There are no comprehensive studies on the development of codes on conducts, including but not limited to national ones. That is why the authors would like to present their recommendations developed based on GDPR, Guidelines 1/2019 on Codes of Conduct and Monitoring Bodies under Regulation 2016/679 Version 2.0, issued by the European Data Protection Board (EDPB) (probably including the ISO standards), and our experiences from the code development). The following recommendations should be made:
1) Determination of the code application purpose and scope.
2) Determination of the minimum technical regulations for data processing safety.
3) Broad social consultations including different stakeholders’ groups.
4) Clear layout and understandable language.
5) Taking into consideration different guidelines on scientific research bioethics and ethics.
The development of codes of conduct complying with the GDPR art. 40 is a challenge on the European and national level. The very process of developing the codes raises many controversies. This part of the paper presents the opinions most common in the discussion on the development of codes.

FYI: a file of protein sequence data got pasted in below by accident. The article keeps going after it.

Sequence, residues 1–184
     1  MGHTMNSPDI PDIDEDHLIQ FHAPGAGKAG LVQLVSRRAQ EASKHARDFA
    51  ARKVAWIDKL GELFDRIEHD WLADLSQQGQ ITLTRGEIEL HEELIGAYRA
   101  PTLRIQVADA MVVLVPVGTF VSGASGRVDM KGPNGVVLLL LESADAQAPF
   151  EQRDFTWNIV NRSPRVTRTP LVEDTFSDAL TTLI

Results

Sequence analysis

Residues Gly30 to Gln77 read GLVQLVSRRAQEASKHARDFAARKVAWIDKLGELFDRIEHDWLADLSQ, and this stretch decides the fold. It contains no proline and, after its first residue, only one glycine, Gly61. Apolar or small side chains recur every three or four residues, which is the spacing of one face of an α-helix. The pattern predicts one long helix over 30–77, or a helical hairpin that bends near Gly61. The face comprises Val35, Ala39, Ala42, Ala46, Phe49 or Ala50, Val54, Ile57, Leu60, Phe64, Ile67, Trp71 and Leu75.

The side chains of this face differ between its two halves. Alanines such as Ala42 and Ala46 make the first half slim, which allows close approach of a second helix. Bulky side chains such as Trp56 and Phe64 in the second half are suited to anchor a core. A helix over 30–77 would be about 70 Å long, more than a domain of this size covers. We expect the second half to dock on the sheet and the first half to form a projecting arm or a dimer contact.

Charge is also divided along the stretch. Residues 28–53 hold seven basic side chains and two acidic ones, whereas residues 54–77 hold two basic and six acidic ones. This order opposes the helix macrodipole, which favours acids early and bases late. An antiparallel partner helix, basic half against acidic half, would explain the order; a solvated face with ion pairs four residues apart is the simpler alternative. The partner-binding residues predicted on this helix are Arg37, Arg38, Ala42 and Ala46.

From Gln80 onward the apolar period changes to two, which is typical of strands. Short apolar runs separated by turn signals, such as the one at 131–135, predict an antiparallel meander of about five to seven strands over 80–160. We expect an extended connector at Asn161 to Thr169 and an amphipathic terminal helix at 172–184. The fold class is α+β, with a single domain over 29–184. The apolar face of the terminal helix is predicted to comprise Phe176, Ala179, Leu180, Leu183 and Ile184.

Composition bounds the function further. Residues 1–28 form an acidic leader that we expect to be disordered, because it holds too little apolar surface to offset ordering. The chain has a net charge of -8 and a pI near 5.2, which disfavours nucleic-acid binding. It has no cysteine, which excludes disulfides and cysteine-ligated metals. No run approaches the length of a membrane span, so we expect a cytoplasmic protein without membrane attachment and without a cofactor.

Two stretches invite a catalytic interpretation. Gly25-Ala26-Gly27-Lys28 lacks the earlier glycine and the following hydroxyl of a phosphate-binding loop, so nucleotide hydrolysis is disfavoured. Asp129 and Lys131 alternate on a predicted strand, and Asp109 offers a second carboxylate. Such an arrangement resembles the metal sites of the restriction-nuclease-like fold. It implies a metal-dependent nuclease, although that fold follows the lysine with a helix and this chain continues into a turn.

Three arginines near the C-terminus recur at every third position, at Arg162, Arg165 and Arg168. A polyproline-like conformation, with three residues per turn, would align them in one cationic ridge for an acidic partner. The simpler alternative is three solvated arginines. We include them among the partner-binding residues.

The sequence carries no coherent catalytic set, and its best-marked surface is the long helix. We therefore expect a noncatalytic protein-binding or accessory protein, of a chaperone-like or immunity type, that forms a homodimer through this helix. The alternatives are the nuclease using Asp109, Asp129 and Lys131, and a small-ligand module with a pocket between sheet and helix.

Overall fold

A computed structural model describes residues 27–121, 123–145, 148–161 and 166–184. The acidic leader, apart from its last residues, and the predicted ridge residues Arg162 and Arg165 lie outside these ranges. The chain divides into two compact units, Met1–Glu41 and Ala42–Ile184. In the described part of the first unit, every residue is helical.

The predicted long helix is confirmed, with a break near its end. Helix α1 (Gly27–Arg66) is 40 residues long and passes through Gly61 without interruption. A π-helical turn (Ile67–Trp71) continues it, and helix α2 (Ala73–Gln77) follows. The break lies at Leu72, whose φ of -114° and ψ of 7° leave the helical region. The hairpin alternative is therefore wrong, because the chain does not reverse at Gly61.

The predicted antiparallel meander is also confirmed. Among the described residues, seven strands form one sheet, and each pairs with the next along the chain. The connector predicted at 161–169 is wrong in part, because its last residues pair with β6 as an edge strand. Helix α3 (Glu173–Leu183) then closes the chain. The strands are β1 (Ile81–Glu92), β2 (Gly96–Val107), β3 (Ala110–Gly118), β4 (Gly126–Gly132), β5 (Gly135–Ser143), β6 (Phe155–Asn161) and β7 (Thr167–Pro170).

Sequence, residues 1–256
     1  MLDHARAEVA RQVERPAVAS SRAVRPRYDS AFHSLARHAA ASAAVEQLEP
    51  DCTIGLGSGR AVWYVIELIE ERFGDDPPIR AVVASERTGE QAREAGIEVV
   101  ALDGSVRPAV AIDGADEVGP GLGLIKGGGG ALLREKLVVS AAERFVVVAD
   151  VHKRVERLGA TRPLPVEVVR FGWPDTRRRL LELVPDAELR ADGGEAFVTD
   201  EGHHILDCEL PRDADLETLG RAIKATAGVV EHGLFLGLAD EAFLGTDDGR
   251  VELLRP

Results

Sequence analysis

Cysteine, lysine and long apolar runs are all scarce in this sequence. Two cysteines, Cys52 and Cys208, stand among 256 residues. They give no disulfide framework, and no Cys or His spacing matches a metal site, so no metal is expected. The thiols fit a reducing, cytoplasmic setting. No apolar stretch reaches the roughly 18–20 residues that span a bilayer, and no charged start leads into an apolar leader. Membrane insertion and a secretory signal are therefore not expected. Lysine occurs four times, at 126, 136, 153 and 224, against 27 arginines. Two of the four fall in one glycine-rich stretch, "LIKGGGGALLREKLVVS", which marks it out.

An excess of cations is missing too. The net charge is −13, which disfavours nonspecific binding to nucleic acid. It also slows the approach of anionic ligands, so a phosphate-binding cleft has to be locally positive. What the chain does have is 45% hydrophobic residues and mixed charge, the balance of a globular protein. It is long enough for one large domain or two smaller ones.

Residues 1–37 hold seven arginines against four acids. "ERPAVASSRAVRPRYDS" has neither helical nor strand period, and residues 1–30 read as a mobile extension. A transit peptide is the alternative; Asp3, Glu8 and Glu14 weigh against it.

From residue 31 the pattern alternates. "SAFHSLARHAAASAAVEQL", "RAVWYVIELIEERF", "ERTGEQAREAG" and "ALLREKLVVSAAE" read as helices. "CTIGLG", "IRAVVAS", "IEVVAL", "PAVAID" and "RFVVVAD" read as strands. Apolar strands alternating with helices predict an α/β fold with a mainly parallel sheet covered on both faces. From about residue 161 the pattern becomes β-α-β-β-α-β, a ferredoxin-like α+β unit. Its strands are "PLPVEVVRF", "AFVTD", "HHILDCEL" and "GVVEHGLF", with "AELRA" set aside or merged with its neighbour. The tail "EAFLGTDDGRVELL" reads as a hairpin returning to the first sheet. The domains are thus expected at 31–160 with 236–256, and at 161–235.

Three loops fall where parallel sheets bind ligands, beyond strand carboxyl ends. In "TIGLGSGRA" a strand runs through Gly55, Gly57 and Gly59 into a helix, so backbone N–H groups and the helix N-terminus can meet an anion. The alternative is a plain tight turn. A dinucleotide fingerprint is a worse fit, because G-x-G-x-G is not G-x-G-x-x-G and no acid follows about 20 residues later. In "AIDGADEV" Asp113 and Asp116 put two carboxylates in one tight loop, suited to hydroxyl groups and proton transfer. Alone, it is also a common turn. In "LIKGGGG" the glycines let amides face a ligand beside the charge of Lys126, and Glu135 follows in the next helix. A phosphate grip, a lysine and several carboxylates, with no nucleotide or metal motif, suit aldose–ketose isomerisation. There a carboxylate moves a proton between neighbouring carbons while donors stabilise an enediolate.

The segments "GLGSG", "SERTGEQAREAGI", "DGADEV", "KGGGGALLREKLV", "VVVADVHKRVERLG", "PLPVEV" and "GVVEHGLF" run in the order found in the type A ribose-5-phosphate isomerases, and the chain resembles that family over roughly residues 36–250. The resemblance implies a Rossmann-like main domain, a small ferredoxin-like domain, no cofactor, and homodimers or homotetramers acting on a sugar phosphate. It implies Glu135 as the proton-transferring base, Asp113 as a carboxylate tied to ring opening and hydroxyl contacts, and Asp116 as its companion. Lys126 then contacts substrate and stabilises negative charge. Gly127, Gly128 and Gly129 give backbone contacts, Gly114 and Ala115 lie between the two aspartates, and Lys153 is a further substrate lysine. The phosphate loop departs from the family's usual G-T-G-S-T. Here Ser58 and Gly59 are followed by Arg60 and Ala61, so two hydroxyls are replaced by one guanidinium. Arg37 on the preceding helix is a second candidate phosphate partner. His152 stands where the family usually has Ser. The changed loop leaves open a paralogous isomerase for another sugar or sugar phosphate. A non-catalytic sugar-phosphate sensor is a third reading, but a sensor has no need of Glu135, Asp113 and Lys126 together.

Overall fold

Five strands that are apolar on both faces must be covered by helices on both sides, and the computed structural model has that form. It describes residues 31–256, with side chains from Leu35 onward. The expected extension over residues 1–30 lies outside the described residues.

Identification of the Code’s Purpose and Application Scope
Undoubtedly the codes of conduct help particular sectors or institutions to better protect personal data according to the GDPR. The objectives resulting from the GDPR are quite general, and that is why they should be specified by the code developers, adapting the code to the specificity of the national market and the national laws’ environment. When developing the code, one should consider the specificity of the existing processing entities. The great majority of biobanks in Poland are public entities operating at medical universities and hospitals, so the code is addressed to them (Sak et al., 2012).